Gavin has just informed me that there is an official description for regulatory agencies like the Irish Financial Regulator who act in favour of special interest groups rather than the public good (my emphasis)
Regulatory capture is a term used to refer to situations in which a government regulatory agency created to act in the public interest instead acts in favor of the commercial or special interests that dominate in the industry or sector it is charged with regulating (This is an exact description of how the Irish Financial Regulator operates).
For public choice theorists, regulatory capture occurs because groups or individuals with a high-stakes interest in the outcome of policy or regulatory decisions can be expected to focus their resources and energies in attempting to gain the policy outcomes they prefer, while members of the public, each with only a tiny individual stake in the outcome, will ignore it altogether.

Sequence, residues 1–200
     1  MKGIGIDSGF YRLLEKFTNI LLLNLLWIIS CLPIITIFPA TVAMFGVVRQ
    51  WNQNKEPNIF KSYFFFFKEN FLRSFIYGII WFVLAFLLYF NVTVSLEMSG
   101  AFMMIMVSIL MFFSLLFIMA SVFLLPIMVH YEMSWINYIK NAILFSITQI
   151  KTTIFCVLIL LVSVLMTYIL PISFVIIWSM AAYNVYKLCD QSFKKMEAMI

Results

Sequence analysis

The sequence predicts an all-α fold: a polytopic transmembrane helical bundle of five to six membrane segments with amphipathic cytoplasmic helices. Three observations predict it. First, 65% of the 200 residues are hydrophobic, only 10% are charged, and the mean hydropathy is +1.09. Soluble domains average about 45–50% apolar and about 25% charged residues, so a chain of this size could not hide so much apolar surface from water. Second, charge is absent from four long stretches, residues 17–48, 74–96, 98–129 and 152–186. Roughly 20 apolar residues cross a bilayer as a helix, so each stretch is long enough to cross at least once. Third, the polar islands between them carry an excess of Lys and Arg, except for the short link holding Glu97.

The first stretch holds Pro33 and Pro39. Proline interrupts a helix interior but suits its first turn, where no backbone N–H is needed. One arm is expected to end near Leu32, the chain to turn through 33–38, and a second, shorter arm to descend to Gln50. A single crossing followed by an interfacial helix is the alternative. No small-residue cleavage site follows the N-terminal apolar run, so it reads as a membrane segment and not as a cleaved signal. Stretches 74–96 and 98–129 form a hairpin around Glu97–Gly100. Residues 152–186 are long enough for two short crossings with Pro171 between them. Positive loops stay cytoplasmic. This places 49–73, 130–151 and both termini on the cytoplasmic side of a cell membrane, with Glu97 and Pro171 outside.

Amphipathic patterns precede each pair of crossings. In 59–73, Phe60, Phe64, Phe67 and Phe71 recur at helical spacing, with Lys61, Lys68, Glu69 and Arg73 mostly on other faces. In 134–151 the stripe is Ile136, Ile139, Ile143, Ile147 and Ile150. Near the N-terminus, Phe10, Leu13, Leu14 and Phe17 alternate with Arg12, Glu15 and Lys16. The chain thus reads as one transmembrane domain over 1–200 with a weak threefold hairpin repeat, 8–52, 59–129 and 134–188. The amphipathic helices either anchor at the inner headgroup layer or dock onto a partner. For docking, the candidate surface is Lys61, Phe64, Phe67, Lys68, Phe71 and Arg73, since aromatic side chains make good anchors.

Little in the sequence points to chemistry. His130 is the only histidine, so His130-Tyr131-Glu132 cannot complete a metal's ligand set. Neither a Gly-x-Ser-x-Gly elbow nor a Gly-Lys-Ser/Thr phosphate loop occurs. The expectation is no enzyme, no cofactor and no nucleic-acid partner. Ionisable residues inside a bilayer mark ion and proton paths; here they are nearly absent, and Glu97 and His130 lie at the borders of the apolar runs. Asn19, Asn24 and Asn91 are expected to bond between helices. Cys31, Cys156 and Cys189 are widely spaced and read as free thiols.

When this imbalance of focused resources devoted to a particular policy outcome is successful at “capturing” influence with the staff or commission members of a regulatory agency so that the preferred policy outcomes of the special interest are implemented, then regulatory capture has occurred.
Regulatory capture theory is a core focus of the branch of public choice referred to as the economics of regulation, economists in this specialty are critical of conceptualizations of regulatory intervention by governments as being motivated to protect public goods. Two often cited articles are Laffont & Tirole (1991) and Levine & Forrence (1990).
The theory of regulatory capture is associated with Nobel laureate economist George Stigler, one of its main developers. Two other cited references are Bernstein (1955) and Huntington (1952).